A new study in the Zoological Journal of the Linnean Society co-authored by Yale anthropologist Eric Sargis finds that the barking hyraxes are a separate species from their shrieking neighbors. The newly described species, Dendrohyrax interfluvialis, populates the wet and dry forests that lie between the two rivers in coastal regions of southeastern Ghana, southern Togo and Benin, and southwestern Nigeria. The researchers based their conclusion on the distinctive calls combined with anatomical and genetic differences they identified among tree hyrax populations.
A team of archaeologists from the Hebrew University of Jerusalem (HU) made a rare discovery when they unearthed a small clay seal impression dating back some 7,000 years. The impression, with two different geometric stamps imprinted on it, was discovered in Tel Tsaf, a prehistoric village located in Israel's Beit She'an Valley up north.
Researchers analysing skeletal remains in the city of Cambridge find a dramatic increase in 'hallux valgus' around the time that pointed shoes became de rigueur in the 1300s. They also uncover a link between this minor deformity and increased risk of fractures.
New research led by scientists from the Max Planck Institute for the Science of Human History shows that disruptions to Indigenous land management following Iberian colonization did not always result in widespread forest regrowth in the Americas and Asia-Pacific, as has been recently argued.
A Cornell University team led by Sturt Manning, Distinguished Professor of Arts and Sciences in Classics and director of the Tree-Ring Laboratory, used dendrochronology and a form of radiocarbon dating called 'wiggle-matching' to pinpoint, with 95% probability, the years in which an ancient wooden structure's two main components were created: a lower tank in 1444 B.C., and an upper tank in 1432 B.C. Each date has a margin of error of four years.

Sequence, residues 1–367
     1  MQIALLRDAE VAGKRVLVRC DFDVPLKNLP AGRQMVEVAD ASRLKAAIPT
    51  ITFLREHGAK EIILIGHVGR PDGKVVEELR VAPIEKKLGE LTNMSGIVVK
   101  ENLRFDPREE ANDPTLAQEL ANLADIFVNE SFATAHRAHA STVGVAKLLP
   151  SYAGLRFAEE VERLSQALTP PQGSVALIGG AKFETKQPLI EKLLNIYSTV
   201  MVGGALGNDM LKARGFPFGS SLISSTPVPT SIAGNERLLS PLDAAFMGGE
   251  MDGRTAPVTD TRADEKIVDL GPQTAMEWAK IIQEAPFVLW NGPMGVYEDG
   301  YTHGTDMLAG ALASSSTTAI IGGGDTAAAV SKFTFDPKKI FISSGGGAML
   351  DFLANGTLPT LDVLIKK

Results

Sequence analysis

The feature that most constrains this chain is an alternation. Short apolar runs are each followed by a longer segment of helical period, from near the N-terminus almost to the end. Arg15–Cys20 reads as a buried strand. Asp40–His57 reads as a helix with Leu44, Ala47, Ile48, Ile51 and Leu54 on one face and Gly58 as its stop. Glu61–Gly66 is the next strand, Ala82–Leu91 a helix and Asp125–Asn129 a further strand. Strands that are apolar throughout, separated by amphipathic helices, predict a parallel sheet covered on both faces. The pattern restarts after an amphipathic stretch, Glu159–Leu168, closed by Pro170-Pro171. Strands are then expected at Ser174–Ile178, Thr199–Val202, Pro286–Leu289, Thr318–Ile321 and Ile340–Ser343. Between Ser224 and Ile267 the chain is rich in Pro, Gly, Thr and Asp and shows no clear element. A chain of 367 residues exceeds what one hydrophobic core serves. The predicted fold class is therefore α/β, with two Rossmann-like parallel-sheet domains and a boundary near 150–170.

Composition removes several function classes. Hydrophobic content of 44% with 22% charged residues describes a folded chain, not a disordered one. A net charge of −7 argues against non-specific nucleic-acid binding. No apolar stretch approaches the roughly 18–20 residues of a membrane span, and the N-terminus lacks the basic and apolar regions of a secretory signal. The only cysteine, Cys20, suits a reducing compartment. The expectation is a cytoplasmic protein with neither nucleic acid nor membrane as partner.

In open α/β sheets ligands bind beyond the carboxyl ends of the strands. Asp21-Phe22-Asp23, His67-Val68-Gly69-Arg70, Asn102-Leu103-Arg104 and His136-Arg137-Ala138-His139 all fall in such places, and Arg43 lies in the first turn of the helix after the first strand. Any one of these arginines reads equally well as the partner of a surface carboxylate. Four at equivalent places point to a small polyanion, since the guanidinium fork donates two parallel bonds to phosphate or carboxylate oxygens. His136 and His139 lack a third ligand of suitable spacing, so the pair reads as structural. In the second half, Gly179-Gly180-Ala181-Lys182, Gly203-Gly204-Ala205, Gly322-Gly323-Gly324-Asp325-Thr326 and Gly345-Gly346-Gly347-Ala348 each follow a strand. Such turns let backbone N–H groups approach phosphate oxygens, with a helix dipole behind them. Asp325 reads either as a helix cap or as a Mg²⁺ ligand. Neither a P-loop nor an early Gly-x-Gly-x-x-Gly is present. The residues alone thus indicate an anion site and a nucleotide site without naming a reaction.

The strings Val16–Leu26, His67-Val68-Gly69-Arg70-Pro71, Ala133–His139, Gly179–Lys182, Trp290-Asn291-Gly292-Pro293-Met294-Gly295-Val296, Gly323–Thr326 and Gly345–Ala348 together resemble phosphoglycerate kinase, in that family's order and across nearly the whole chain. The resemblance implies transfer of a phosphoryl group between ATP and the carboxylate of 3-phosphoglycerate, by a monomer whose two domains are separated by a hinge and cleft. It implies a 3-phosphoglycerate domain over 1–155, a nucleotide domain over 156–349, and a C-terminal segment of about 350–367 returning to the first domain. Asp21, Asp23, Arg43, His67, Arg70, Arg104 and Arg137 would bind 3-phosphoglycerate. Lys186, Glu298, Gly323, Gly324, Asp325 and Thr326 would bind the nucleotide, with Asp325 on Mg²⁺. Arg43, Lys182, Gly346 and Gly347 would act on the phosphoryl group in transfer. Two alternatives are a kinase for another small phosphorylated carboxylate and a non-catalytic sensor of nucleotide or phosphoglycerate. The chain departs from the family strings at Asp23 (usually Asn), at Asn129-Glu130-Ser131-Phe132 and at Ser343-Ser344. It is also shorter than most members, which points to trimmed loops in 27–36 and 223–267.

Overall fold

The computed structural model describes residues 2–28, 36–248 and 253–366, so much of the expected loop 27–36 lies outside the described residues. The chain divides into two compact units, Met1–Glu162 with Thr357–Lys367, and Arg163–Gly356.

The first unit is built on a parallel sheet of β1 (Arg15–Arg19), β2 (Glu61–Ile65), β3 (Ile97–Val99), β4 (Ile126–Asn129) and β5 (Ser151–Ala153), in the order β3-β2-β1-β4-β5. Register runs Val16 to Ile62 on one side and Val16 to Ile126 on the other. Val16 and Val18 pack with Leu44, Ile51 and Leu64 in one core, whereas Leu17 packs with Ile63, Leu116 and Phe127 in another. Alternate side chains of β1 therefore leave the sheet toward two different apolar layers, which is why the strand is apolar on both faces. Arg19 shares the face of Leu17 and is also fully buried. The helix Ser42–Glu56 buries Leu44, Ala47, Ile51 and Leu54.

Organic residues on ceramic pottery are a valuable resource for understanding medieval cuisines of Islamic-ruled Sicily, according to a study published June 9, 2021 in the open-access journal PLOS ONE by Jasmine Lundy of the University of York, UK and colleagues.
Researchers pinpoint substantial historical sea level changes in the Southern Levant - describing a 2.5m rise to present levels around 2,000 years ago - with archeological implications.
A group of ancient amphibians called temnospondyls evolved stiffer spinal columns to adapt to aquatic life, contrary to previous hypotheses, according to a study published June 9, 2021 in the open-access journal PLOS ONE by Aja Mia Carter of the University of Pennsylvania and colleagues.
The analysis of very old plant fossils discovered in South Africa and dating from the Lower Devonian period documents the transition from barren continents to the green planet we know today. Cyrille Prestianni, a palaeobotanist at the EDDy Lab at the University of Liège (Belgium), participated in this study, the results of which have just been published in the journal Scientific Reports.
The University of North Florida archaeology team is now fairly confident they have located the lost Indigenous northeast Florida community of Sarabay, a settlement mentioned in both French and Spanish documents dating to the 1560s but had not been discovered until now.